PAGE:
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Chronic Fatigue Syndrome: Blood

Health written question – answered on 18th October 2010.

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Photo of Caroline Lucas Caroline Lucas Leader of the Green Party

To ask the Secretary of State for Health with reference to the answer to the hon. Member for Stroud of 27 January 2010, Official Report, column 942W, on chronic fatigue syndrome, whether (a) the UK Blood Services and Health Protection Agency study of the prevalence of a rodent virus linked to myalgic encephalomyelitis and (b) his Department's risk assessment in respect of the study has been completed; and if he will make a statement.

Photo of Anne Milton Anne Milton The Parliamentary Under-Secretary of State for Health

There has been a consistent failure of independent European and American studies to confirm the original American study that described the detection of xenotropic murine leukemia virus-related virus (XMRV), a virus related to rodent viruses, in patients with chronic fatigue syndrome, sometimes referred to as myalgic encephomyelitis. An expert subgroup of National Expert Panel for New and Emerging Infections (NEPNEI) met in May 2010, to consider all available evidence about XMRV and conduct a risk assessment. The subgroup concluded that XMRV can infect humans but there is currently no evidence that it causes human disease and that on the evidence before the group, no public health action is required at this time. Since the subgroup meeting in May there has been no new scientific evidence that would change the conclusions of the subgroup but they are keeping it under review.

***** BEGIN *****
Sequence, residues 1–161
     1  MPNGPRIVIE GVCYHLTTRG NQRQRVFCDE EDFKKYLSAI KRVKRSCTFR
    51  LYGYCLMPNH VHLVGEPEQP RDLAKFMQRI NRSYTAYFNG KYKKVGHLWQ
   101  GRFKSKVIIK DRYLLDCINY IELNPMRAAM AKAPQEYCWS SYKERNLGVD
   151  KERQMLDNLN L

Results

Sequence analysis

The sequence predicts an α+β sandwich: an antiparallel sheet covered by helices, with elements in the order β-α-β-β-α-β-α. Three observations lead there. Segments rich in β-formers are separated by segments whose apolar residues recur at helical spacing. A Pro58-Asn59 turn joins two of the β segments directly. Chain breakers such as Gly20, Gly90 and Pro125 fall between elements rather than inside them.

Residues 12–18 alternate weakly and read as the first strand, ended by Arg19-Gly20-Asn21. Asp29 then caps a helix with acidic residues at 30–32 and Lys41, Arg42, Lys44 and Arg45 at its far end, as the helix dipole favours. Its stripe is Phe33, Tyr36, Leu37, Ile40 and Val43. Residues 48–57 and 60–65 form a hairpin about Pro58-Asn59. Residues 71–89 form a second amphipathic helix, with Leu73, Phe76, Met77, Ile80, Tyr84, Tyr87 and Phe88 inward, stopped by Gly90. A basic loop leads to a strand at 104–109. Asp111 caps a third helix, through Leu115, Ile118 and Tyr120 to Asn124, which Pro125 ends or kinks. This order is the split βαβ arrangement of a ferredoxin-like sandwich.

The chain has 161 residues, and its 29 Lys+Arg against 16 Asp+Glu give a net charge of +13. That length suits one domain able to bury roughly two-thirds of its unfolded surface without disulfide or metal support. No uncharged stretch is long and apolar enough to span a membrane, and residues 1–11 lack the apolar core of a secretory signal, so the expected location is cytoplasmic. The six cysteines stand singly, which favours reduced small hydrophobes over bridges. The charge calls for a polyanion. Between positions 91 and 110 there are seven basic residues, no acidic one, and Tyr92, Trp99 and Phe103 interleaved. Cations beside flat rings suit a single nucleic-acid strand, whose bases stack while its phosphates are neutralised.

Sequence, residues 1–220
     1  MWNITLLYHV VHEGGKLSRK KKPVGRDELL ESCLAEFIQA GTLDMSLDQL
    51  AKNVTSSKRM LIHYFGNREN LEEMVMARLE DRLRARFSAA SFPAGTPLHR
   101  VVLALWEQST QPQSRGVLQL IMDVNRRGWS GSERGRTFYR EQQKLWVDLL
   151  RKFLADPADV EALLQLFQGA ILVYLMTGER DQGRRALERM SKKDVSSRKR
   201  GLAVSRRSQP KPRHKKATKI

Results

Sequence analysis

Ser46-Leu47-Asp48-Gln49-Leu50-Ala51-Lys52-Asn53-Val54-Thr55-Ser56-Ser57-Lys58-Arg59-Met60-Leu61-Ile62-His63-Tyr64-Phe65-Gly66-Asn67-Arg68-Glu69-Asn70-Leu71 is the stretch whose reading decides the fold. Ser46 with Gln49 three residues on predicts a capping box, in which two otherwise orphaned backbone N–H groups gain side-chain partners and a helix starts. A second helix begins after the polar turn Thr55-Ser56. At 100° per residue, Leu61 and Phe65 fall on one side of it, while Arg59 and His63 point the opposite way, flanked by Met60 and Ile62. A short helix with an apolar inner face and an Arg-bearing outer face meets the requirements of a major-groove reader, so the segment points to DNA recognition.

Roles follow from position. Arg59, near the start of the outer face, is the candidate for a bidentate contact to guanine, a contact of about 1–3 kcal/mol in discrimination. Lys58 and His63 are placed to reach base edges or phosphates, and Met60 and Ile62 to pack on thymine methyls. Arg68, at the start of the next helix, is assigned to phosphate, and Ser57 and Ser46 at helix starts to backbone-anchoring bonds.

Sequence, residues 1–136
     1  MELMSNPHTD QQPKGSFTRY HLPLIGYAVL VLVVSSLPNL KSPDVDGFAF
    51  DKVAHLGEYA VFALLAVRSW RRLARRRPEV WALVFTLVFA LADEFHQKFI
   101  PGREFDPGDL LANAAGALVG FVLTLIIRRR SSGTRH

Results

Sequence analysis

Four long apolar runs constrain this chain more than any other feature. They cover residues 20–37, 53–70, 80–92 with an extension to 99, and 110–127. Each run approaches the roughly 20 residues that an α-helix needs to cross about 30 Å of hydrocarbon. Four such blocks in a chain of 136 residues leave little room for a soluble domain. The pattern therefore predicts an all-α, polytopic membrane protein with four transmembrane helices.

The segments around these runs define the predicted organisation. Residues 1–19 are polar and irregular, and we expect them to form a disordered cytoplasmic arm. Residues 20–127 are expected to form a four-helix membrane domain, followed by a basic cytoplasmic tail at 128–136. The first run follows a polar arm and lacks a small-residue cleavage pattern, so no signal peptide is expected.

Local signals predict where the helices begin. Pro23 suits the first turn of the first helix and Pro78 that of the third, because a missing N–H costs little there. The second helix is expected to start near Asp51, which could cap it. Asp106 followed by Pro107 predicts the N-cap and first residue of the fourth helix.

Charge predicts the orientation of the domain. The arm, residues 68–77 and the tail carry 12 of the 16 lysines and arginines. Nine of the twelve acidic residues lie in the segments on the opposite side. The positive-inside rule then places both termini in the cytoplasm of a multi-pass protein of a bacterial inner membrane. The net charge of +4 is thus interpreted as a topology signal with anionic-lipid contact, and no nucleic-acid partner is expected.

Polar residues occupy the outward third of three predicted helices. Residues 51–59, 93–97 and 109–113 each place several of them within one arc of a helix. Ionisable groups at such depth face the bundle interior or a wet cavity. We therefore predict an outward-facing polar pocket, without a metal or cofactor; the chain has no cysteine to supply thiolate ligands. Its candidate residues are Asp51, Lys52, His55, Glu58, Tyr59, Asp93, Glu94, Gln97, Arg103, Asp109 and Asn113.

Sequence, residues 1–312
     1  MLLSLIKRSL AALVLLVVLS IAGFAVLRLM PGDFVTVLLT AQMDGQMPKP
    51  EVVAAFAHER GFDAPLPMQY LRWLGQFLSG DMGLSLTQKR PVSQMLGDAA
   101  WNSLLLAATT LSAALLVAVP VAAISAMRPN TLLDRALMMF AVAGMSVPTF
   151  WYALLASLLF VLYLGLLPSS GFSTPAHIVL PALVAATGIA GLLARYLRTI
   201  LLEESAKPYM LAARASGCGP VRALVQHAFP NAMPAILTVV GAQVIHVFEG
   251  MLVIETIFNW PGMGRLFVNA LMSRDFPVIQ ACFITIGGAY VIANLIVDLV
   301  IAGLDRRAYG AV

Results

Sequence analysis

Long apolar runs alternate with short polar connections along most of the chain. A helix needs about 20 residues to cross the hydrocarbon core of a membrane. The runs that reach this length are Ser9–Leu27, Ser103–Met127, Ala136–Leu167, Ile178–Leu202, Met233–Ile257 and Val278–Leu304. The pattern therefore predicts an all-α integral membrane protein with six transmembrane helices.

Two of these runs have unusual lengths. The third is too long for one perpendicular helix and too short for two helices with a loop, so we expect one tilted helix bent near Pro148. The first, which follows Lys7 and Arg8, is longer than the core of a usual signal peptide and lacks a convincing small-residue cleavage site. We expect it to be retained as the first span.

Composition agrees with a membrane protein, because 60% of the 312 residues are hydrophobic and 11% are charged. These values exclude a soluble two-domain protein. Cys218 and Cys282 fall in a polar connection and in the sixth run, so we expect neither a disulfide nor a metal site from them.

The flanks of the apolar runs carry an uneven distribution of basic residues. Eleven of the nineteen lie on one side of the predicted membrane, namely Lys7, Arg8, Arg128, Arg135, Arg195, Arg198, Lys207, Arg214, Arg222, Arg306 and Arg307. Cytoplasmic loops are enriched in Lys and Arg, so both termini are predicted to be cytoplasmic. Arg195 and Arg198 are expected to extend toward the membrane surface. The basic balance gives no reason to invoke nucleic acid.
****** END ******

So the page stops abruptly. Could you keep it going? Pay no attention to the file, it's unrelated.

The Advisory Committee on the Safety of Blood, Tissues and Organs (SaBTO), on the basis of current evidence does not recommend further measures at present but wishes to continue to monitor the situation. The NHS Blood and Transplant and Health Protection Agency study group concur with the views expressed both by NEPNEI and SaBTO but also recognise the need for further research on the prevalence of XMRV in the United Kingdom. In a recent unpublished pilot study conducted by the group a series of 540 randomly selected English blood donors were screened for XMRV and none were found to be infected.

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